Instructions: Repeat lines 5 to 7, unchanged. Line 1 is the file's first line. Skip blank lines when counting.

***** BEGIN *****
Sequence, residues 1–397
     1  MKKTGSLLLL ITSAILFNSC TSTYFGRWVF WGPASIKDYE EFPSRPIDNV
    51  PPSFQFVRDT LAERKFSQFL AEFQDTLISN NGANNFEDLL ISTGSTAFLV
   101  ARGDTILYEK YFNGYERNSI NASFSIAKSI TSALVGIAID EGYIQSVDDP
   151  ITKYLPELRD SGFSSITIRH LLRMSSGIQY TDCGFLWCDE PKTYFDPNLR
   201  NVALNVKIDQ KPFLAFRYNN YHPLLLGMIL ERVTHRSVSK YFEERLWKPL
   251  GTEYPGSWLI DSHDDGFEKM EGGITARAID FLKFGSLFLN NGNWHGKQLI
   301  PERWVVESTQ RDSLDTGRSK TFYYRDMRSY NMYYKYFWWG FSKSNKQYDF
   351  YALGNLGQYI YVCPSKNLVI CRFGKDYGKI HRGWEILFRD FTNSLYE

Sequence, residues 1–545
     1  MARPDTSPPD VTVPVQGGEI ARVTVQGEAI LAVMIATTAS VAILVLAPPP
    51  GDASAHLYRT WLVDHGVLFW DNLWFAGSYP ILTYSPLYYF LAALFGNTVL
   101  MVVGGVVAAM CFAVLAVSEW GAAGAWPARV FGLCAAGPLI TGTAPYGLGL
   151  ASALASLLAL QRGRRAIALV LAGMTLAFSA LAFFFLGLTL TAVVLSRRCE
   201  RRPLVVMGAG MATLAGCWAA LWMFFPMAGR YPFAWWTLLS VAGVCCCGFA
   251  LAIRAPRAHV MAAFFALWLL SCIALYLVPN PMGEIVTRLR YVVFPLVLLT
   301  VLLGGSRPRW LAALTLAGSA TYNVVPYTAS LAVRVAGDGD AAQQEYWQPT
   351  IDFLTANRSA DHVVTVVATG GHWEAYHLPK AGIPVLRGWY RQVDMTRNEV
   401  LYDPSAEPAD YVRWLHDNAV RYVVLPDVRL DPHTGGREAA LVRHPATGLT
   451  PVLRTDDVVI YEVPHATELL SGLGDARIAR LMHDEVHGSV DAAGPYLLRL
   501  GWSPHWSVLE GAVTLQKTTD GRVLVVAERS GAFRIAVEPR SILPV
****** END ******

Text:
   151  ITKYLPELRD SGFSSITIRH LLRMSSGIQY TDCGFLWCDE PKTYFDPNLR
   201  NVALNVKIDQ KPFLAFRYNN YHPLLLGMIL ERVTHRSVSK YFEERLWKPL
   251  GTEYPGSWLI DSHDDGFEKM EGGITARAID FLKFGSLFLN NGNWHGKQLI